Ash Wednesday Sermon, 2021

Growing up, it always struck me as odd that we would receive ashes on our foreheads on the same day we hear Jesus say, “And when you fast, do not look gloomy like the hypocrites, for they disfigure their faces that their fasting may be seen by others. Truly, I say to you, they have received their reward” (Matthew 6:16).

Now, you haven’t done anything wrong if you’ve received ashes, and you haven’t done anything better if you haven’t.

Ashes, lacking a penitent heart, are like no ashes.

And no ashes, having a penitent heart, are like ashes.

It matters that you repent and believe this Word of God: “Dust you are, and to dust you shall return” (cf. Genesis 3:19).

And that’s the point—the come to terms with death.

Our death.

The death, eventually, of our children and all we know and have.

It doesn’t last.

It will not.

And this is not an easy thought or thing to say.

We might teach our children to pray, “If I die before I wake,” but there are other versions of that prayer, “nicer” versions, that don’t.

And how many adults remember to think and live and act and speak as though the next nap or nightly rest may be your last?

Jesus says, “Do not lay up for yourselves treasures on earth, where moth and rust destroy and where thieves break in and steal, but lay up for yourselves treasures in heaven, where neither moth nor rust destroys and where thieves do not break in and steal. For where your treasure is, there your heart will be also” (Matthew 6:19-21).

This is why we impose ashes.

We don’t hand them out or distribute them.

It is an imposition, a forceful assertion about all you are and hold dear.

That you are dust. That you will die. And that to dust you shall return.

I know—it’s not a cheerful thought.

But there isn’t a long list of Lenten “carols” for us to sing. Can you imagine caroling with Lenten hymns for the shut-ins? We may as well dress in black and where a scythe.

We don’t send Lenten cards.

We don’t wish each other a merry or happy Lent.

The infant joy that was born into the world has grown and matured.

There is still joy.

But He has set His face toward Jerusalem—that He would take up His cross and suffer all to save all.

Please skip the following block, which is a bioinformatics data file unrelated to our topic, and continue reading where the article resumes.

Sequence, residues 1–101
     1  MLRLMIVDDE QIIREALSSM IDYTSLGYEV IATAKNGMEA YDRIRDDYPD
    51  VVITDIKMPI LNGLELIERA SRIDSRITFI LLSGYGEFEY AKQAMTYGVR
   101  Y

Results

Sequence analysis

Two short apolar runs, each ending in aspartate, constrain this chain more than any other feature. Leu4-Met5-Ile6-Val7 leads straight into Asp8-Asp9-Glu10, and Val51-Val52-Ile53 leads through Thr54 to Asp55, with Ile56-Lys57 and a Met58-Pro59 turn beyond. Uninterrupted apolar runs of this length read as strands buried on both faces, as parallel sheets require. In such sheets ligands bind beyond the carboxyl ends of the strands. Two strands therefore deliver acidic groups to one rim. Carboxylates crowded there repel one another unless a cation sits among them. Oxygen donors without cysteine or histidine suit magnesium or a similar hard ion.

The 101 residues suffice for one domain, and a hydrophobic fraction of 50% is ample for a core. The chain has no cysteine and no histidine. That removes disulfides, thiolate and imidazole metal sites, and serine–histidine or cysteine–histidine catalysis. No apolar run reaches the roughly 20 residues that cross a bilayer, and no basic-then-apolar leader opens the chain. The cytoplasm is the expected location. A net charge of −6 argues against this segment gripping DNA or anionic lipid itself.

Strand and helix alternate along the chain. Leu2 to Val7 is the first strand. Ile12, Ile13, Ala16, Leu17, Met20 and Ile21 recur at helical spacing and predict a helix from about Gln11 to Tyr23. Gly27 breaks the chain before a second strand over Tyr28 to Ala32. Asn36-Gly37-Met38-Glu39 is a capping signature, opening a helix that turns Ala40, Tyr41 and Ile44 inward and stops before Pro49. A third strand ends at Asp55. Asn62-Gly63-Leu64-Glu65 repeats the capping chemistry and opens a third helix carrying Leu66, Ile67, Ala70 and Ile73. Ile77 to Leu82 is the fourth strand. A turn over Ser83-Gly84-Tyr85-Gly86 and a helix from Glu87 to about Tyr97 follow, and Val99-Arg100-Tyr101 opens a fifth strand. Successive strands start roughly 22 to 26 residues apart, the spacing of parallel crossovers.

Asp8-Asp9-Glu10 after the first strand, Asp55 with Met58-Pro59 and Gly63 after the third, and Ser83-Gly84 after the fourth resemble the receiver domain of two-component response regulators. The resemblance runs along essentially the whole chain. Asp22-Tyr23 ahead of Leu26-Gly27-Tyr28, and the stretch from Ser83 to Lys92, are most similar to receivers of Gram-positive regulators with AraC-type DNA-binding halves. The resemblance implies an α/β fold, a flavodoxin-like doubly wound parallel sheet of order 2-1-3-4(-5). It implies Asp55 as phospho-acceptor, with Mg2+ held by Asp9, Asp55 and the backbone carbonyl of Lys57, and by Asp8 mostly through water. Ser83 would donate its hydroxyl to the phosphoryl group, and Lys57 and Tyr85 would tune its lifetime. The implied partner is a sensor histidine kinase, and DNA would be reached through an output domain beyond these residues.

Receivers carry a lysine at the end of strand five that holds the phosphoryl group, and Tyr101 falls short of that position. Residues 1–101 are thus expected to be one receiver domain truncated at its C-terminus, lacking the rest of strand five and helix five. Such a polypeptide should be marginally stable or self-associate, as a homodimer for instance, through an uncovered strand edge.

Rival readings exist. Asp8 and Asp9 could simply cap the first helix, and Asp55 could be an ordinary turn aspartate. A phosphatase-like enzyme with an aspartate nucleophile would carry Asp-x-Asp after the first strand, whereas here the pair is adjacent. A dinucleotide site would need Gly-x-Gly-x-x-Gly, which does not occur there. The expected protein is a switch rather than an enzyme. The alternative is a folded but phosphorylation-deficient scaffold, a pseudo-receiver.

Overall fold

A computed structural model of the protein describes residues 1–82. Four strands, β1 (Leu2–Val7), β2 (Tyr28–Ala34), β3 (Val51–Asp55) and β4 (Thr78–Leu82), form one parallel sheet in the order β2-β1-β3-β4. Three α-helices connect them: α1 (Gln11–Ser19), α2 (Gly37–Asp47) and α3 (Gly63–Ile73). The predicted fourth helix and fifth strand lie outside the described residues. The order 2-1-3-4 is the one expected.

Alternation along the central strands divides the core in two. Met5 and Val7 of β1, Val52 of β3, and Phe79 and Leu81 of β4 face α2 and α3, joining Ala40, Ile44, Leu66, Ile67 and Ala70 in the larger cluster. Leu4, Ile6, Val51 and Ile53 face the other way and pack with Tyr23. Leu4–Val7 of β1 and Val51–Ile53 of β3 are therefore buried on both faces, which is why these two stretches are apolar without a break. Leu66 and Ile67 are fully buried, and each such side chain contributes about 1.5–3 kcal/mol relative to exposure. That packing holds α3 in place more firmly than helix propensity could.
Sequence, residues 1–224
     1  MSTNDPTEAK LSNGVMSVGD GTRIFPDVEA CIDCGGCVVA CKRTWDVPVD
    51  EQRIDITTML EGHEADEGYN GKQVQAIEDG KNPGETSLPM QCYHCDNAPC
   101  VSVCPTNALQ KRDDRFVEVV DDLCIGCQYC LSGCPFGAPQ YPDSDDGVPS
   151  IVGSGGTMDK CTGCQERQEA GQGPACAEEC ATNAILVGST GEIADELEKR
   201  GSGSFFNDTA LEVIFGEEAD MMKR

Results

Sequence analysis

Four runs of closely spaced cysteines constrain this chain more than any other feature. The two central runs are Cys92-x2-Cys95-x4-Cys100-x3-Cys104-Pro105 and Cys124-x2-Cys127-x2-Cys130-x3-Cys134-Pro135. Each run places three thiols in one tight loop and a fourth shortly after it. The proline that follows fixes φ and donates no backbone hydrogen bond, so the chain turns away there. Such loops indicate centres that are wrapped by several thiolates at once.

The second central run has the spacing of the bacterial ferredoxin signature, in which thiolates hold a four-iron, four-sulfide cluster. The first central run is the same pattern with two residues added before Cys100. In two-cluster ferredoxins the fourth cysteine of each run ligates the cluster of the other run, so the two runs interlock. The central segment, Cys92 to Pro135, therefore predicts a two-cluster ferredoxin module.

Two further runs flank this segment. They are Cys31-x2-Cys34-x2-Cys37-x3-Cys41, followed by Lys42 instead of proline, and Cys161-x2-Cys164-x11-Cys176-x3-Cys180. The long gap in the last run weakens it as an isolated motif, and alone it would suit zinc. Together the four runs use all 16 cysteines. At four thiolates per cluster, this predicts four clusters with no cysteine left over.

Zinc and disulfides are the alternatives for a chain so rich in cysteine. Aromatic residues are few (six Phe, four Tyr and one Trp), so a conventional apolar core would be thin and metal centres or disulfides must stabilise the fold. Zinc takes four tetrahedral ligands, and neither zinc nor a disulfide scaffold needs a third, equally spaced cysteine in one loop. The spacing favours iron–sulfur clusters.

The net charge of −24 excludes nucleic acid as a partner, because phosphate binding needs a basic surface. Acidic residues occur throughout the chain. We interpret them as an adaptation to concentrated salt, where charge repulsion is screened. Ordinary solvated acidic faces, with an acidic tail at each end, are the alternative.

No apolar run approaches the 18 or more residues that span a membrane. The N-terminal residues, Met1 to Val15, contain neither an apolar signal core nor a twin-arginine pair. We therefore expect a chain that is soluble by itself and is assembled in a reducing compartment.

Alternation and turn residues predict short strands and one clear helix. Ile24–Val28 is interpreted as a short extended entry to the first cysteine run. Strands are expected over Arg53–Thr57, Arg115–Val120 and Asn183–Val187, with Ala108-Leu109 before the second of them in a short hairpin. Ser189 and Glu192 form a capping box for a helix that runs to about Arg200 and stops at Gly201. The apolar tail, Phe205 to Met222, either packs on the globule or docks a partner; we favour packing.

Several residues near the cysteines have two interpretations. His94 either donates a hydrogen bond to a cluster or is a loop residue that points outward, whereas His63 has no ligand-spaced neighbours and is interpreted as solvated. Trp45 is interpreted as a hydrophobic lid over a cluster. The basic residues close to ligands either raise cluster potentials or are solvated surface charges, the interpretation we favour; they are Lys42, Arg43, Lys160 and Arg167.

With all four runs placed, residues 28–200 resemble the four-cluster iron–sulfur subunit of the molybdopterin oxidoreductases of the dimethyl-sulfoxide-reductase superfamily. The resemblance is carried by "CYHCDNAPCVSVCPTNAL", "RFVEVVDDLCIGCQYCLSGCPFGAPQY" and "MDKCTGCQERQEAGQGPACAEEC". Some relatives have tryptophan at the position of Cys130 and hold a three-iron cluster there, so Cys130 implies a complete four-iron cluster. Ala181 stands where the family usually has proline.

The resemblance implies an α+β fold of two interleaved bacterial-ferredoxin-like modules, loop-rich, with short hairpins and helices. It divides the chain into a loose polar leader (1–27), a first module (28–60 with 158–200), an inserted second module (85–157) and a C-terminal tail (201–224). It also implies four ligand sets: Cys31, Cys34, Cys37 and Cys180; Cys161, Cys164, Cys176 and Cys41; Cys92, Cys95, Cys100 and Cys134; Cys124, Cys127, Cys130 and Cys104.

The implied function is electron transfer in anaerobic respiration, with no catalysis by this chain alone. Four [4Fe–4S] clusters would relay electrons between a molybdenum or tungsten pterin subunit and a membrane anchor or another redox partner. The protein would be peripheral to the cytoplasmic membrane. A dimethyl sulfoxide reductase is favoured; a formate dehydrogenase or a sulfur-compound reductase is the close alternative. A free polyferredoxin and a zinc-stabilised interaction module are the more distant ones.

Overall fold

There is still joy.

But Lent takes on a dual theme, emphasizing repentance—and then joy.

We impose ashes to be reminded that this body and life is not all there is.

So that we’re ready—when our last hour comes—to meet the Lord face to face.

David says in the Psalm: “I acknowledged my sin to you, and I did not cover my iniquity; I said, ‘I will confess my transgressions to the Lord,’ and you forgave the iniquity of my sin” (Psalm 32:5).

No one can stand before God without bringing this confession of sins with him.

So David also says—If you, O Lord, should mark iniquities, O Lord, who could stand? But with you there is forgiveness, that you may be feared” (Psalm 130:3-4).

Anyone who wants to stand before God must be sure that this confession of sins comes from his heart and firmly believe that, unless the Lord is merciful to him, all is lost.

No matter how pious he is.

No matter his attendance or tithe or tenure.

Apart from the mercy of God—all is lost.

And there’s no difference—for all have sinned.


This isn’t an easy thought or thing to say.

This is a terrible cross to bear.

But Jesus says, “Come to me, all who labor and are heavy laden, and I will give you rest. Take my yoke upon you, and learn from me, for I am gentle and lowly in heart, and you will find rest for your souls. For my yoke is easy, and my burden is light” (Matthew 11:28-30).

And from the Psalm: “Cast your cares on the Lord, and He will sustain you. He will never let the righteous fall” (cf. Psalm 55:22).

He doesn’t set His face toward Jerusalem or bear His cross for the same reason we do.

He sets His face, determined to beat down satan under His feet.

He bears His cross, because it’s necessary for the Son of Man to be lifted up—that all who look to Him would be saved.

Toward Jerusalem, we set our face, marked with cross and ash, to remember why He went.

“[He] was delivered up for our trespasses and raised for our justification” (Romans 4:25).

We bear our cross to follow Him.

Not that we can save ourselves—but, in faith, we follow Jesus and trust trust that He has saved us.

The whole life of a Christian is repentance.

But there is joy, too.

“Since we are surrounded by so great a cloud of witnesses, let us also lay aside every weight, and sin which clings so closely, and let us run with endurance the race that is set before us, looking to Jesus, the [author] and perfecter of our faith, who for the joy that was set before him endured the cross, despising the shame, and is seated at the right hand of the throne of God” (Hebrews 11:1-2).

The joy that was set before Him—His goal and end—was your salvation.

That’s what faithfulness to God the Father meant to Jesus—your salvation.

That’s what drinking the cup of cross and death meant to Jesus—your salvation.

Your God chose you and won.

He won you from sin and satan, from death and hell.

He is your priceless treasure.

And where your treasure is, there your heart will be also.

If not “happy” or “merry” how about “blesséd.”

Blesséd Lent.

And may God bless and keep you in the true faith—in repentance and joy—unto life everlasting.

In Jesus’ name, Amen!

Ash Wednesday, 2021
Matthew 6:16-21
Rev. Benjamin Tyler Holt

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